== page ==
We use the past continuous (was/were + verb + -ing) in a number of ways but the main reasons are to talk about something that continued for a long time or to say what was happening before and/or after a specific action or time. The action is usually the past simple and the description before the.action is the past continuous. Here are some examples from Rich's story and a football example we used in the podcast:

She was babysitting for the Beckham family in Kensington - a rich part of London.

While she was watching TV, she suddenly got scared.

The fans were cheering and singing until the other team scored.

Language

Past Perfect

What are these popular Halloween vegetables called?

When we talk about something that happened in the past we sometimes want to refer back to something that happened before that time. We can use the past perfect tense (had + past participle) to do this. Here's an example from Rich's story and a football example we used in the podcast:

Kimberly had only ever looked after the two children in the daytime. It was the first time she was going to babysit in the evening.

He had never scored in the Premier League before Saturday.

Language

Past Perfect Continuous

Are you a fan of Halloween?

We also use the past perfect continuous (had + been + verb + -ing) two connect two things that happened at different times in the past. It is used for the thing that happened further in the past and usually happened frequently or over a long period of time. Here's an example from Rich's story and a football example we used in the podcast:

He told her the kids had been having nightmares about clowns.

He had been playing really well before he got injured.

Now in this activity, take a look at the text and decide which narrative tense to use in each sentence. Then, take a look at this lesson which tells the story of a Leicester City fan and explains narrative tenses in more detail.

Activity 2

Activity 2: In this activity, read Fred's story and think about how we use the past perfect.
Can you match the sentence halves?

Quiz

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Task

Re-tell Jack's scary story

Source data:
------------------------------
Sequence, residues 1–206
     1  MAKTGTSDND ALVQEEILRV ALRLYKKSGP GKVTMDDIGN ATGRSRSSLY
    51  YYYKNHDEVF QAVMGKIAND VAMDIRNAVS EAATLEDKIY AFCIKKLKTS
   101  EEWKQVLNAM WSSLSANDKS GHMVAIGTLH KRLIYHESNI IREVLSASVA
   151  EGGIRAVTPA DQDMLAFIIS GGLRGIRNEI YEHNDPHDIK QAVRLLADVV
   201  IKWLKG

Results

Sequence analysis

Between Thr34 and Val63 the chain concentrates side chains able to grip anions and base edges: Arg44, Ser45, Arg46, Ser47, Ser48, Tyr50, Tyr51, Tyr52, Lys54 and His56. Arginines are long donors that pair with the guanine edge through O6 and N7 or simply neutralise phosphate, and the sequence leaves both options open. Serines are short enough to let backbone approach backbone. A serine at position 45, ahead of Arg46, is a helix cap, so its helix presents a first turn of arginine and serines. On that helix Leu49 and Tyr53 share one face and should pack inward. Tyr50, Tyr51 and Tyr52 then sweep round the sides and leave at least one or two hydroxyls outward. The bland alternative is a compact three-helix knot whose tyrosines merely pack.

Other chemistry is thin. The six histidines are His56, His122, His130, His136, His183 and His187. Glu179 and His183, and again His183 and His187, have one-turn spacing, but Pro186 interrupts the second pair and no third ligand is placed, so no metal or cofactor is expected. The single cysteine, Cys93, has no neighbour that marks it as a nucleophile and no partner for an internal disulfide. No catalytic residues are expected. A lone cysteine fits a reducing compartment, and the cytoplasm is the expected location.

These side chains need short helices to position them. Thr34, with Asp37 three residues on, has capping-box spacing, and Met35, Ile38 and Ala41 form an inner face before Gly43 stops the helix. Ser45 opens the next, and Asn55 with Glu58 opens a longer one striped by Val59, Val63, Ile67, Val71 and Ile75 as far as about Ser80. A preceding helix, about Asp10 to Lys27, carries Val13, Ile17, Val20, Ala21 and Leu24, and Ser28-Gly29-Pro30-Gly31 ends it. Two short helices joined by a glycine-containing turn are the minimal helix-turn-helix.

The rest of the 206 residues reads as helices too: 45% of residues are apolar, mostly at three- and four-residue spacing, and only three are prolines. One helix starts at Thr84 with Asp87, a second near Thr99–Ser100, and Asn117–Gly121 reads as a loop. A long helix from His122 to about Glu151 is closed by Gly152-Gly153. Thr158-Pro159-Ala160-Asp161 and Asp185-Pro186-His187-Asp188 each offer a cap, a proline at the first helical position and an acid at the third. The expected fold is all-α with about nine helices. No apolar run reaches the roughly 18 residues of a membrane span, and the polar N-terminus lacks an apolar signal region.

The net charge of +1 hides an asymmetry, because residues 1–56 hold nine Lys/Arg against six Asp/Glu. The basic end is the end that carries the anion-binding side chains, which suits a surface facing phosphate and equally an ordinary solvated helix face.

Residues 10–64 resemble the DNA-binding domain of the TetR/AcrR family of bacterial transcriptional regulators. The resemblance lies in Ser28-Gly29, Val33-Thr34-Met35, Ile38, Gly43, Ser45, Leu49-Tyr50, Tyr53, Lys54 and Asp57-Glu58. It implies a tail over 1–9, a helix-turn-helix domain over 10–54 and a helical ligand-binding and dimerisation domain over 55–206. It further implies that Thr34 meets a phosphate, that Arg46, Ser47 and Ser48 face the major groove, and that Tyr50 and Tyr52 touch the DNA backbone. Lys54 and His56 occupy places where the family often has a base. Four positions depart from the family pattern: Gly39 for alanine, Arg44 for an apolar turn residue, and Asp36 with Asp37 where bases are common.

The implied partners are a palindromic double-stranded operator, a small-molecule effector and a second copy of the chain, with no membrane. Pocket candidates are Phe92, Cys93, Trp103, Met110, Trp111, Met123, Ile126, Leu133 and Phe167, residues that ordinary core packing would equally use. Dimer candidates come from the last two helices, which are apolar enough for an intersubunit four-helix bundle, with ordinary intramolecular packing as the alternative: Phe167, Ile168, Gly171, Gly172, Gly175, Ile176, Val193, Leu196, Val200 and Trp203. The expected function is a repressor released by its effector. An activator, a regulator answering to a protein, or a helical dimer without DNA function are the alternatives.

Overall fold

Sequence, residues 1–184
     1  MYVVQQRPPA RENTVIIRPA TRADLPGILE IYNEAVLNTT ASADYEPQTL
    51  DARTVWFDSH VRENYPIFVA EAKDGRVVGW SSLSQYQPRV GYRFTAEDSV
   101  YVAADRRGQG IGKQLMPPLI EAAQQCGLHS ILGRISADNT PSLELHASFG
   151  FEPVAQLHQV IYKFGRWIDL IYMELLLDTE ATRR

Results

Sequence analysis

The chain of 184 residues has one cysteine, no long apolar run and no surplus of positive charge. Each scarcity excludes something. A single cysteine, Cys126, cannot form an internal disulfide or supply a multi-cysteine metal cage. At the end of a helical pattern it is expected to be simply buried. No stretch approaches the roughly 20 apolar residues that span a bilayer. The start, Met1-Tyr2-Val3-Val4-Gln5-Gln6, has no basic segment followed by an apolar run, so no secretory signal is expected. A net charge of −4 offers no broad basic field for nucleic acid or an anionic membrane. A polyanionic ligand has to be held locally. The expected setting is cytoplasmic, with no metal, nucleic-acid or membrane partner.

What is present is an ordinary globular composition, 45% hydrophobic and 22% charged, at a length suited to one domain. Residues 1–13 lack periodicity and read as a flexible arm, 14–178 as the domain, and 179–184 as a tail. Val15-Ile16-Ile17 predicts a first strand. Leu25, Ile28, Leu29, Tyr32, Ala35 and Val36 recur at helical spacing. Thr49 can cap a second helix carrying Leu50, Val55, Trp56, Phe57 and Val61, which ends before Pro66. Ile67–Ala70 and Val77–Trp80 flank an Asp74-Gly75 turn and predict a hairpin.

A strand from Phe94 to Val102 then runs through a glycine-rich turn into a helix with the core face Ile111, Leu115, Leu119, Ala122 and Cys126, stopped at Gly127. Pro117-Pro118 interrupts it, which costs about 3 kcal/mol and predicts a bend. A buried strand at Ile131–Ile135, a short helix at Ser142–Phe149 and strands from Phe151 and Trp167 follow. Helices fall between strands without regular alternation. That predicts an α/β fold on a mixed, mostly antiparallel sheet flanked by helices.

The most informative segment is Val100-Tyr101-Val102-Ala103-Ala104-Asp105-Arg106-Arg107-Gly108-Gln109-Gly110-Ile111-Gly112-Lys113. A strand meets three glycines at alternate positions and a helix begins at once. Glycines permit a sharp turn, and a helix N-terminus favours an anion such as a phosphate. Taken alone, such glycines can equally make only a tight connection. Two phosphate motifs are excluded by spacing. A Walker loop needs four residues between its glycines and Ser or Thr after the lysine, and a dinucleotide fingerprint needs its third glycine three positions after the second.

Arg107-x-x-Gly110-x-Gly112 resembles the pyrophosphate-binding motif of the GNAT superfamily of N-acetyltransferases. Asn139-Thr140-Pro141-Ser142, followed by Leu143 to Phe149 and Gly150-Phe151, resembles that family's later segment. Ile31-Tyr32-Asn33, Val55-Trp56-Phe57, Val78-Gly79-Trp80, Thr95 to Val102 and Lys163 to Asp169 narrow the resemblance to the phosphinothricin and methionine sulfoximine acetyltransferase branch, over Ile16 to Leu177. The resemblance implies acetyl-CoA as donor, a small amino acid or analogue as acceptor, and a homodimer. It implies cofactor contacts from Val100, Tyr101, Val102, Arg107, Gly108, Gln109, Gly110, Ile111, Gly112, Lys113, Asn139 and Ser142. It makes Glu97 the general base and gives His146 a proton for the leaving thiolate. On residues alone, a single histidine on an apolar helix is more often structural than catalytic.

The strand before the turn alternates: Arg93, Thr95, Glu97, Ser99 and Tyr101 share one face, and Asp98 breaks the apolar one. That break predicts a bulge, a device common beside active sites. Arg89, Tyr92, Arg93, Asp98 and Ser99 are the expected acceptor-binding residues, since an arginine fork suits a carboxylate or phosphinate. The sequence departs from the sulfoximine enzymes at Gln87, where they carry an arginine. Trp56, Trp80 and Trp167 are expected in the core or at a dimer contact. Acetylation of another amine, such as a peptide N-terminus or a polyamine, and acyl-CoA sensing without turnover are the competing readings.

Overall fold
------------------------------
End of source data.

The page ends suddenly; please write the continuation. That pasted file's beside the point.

Can you name this Premier League player preparing for Halloween?

This week's task is to retell Jack's story using narrative tenses.

Imagine you are telling a friend what happened to Jack. Here some questions to help you:

  • Where was Jack? What was he doing when he was reading the messages?
  • How do you know it wasn’t Rich sending the messages? What had happened to RIch's phone? What could have happened to Jack at the church?

Try to use the past simple, past continuous and past perfect when you re-tell Jack's story.

Write all your answers in the comments section below and don't forget to make a guess at this week's football phrase!

Leave a comment

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Comments

lakerwang
31/10/2019
CN
292
points

When Jack was waiting for Rich, he received a message which seemed to be from his friend and asked if they could meet up at the old church. Jack said he would go to the church right after finishing his coffee. But Rich said it was important and urged him to come. Jack got another message from Rich when he had just left the cafe 2 minute away. It was really weird because it seemed like Rich had already met Jack at the church. When Jack was being confused, he heard Rich calling his name unexpectedly. How strange! And Rich appeared to know nothing about the texting and the meeting at the church because he had lost his phone the night before. Then who had been sending Jack messages? I'm afraid no one would know.

The football phrase is "****** ******".


lakerwang
31/10/2019 16:05
China
Chelsea
292

When Jack was waiting for Rich, he received a message which seemed to be from his friend and asked if they could meet up at the old church. Jack said he would go to the church right after finishing his coffee. But Rich said it was important and urged him to come. Jack got another message from Rich when he had just left the cafe 2 minute away. It was really weird because it seemed like Rich had already met Jack at the church. When Jack was being confused, he heard Rich calling his name unexpectedly. How strange! And Rich appeared to know nothing about the texting and the meeting at the church because he had lost his phone the night before. Then who had been sending Jack messages? I'm afraid no one would know.